One little wrinkle to bear in mind (with either approach) is that the amount of total internal reflection that Shaderlight will calculate depends on the quality setting (in order to avoid spending too much time bouncing around inside objects). The secondary image was rendered at Q5 (vs. the Q10 used in the main image). The refracted objects / background seen through the edges of the glass is different in each because the internal reflections get cut off at different points

Regards,
Shaderlight support

Image Attachments
SketchUp_Setup_Q10_Render.pngQ5.jpg
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kfoojones
Total Posts: 284
davidheim - Mar 30, 2019 09:40pm

...no matter what I do, I can’t get the Shaderlight Material Editor to display the name of the SketchUp glass texture. It comes up as Material 8 or Material 9.

I think what’s going on here is that, when you select a glass material (e.g. ‘Translucent Glass Gray’) from SketchUp’s material library and then assign it to an object in your scene, SketchUp makes an ‘in model’ copy of that material named ‘Material#’, which is what Shaderlight actually sees. This only seems to happen for some of SketchUp’s materials and I’m not sure why.

You can edit the name of the ‘in model’ material by double-clicking it in SketchUp’s material editor to show the ‘Edit Material’ controls.

Regards,
Shaderlight support

davidheim
Total Posts: 6

This is all very helpfiul. My thanks to everyone for taking the time to answer my questions. I do have one final question for Shaderlight Support, though. As I said in an earlier post on this thread, the glass material I want to use (Translucent Glass Gray) doesn’t appear in the Shaderlight Material Editor under that name; it comes in as Material8 or Material9 or some such. If I choose a different glass material, though, it shows up correctly in the Material Editor. How come Shaderlight doesn’t recognize the one material?
Best,
dh

kfoojones
Total Posts: 284

Upon further investigation, I think the factor that determines whether the material ends up ‘in model’ with the library name or the generic ‘Material#’ name is whether or not there is a texture map associated with the material – plain colours get the ‘Material#’ name. As far as I know, this is something that SketchUp does before Shaderlight gets involved – the name that Shaderlight shows is the same as the one that SketchUp shows in all cases, although bear in mind that Shaderlight can only show ‘in model’ materials.

Regards,
Shaderlight support

davidheim
Total Posts: 6

But a texture named “Glass Translucent Gray” should be named that way in the Shaderlight Material Editor; this is not a plain color. Other Glass materials show up properly named. This seems to be an exception and I can’t figure out why.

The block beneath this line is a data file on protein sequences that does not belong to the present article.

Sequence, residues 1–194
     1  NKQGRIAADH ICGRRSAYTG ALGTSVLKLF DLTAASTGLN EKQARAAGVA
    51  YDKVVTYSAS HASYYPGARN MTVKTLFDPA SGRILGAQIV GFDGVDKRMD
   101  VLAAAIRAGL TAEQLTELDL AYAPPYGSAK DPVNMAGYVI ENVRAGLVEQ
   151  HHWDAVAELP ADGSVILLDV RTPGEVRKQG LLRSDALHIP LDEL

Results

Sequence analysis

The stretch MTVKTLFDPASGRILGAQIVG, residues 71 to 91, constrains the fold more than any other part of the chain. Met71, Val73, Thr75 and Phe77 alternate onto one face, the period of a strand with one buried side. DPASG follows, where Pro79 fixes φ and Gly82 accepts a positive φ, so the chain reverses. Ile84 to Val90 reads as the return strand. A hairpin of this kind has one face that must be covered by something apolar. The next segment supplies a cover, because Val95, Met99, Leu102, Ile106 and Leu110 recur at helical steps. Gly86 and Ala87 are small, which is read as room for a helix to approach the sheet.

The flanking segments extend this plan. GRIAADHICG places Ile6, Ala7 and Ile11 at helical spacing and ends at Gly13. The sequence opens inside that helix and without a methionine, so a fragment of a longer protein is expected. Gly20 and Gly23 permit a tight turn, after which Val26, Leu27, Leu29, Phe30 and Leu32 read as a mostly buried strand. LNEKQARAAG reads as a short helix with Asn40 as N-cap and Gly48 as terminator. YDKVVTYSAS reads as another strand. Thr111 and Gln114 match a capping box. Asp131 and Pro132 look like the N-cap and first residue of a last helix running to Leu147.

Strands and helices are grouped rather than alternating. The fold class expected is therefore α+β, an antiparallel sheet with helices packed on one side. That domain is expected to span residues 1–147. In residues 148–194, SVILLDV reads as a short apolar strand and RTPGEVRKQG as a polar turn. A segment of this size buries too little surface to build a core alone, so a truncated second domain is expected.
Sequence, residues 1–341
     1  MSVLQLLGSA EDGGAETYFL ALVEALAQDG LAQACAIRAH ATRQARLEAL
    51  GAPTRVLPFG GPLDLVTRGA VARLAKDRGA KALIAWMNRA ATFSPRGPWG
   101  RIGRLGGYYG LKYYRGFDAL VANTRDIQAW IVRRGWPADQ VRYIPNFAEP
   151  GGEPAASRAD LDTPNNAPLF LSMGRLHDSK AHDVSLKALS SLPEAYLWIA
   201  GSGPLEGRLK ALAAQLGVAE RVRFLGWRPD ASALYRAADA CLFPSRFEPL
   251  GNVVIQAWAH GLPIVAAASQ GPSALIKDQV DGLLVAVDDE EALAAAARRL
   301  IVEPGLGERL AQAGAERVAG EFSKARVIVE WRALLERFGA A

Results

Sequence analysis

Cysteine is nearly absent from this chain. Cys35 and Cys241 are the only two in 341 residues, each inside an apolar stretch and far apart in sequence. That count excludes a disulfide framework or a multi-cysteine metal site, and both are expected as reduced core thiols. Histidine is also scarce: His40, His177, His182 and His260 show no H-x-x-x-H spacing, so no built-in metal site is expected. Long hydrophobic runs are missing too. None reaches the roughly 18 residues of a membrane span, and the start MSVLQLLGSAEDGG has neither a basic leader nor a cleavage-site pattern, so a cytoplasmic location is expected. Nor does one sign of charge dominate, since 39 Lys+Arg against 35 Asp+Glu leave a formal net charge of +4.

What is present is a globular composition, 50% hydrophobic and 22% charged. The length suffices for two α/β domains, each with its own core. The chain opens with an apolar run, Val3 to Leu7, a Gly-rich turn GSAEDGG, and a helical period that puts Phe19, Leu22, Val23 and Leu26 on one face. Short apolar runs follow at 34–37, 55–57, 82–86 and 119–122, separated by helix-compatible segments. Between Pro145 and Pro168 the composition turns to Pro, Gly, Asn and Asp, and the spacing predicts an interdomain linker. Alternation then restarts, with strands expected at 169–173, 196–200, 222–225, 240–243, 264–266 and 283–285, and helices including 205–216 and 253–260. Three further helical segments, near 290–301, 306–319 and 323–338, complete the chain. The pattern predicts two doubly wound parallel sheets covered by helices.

kfoojones
Total Posts: 284

If we’re talking about the ‘Translucent Glass Gray’ material that comes with SketchUp under its ‘Glass and Mirrors’ library, then (at least in SketchUp 2018, which is what I currently have installed on this machine) it is a ‘plain colour’ in the sense of not having a texture map assigned to it. Some of the other built-in ‘Glass and Mirrors’ materials do have texture maps assigned (e.g. ‘Translucent Glass Block Dark’ or ‘Translucent Glass Gold’) and these materials don’t end up with ‘Material#’ names when imported into your model.

SketchUp only tells Shaderlight about materials that have been imported into the current model, so it doesn’t see the ‘Translucent Glass Grey’ version of the material from the library.

The sequence of screenshots below might help explain what is going on.

To start with, there are no materials in the model and the Shaderlight material editor shows ‘No In Model Material Selected’. The SketchUp material editor is showing the ‘Glass and Mirrors’ material library, with the ‘Translucent Glass Gray’ material indicated by a tool tip.

Next, I assign ‘Translucent Glass Gray’ to the square. At this point, SketchUp makes a copy of ‘Translucent Glass Gray’ in the model and names it ‘Material’ (subsequent materials would have a number appended). SketchUp tells Shaderlight about the newly added material and Shaderlight’s material shows it as ‘Material’. This is confusing because the SketchUp material editor is still showing the ‘Glass and Mirrors’ library, which has the original ‘Translucent Glass Gray’ material in it.

Finally, I switch SketchUp’s material editor to show ‘Colors in Model’, which reveals that SketchUp has actually assigned the in-model material named ‘Material’ to the square.

I agree that this is undesirable behaviour but unfortunately I don’t think there is anything that we can do at Shaderlight to change how SketchUp works in this respect.

If the above explanation doesn’t match your experience, please do let us know so that we can investigate further.

Regards,
Shaderlight support

Image Attachments
Before_Assignment.pngAfter_Assignment.pngIn_Model.png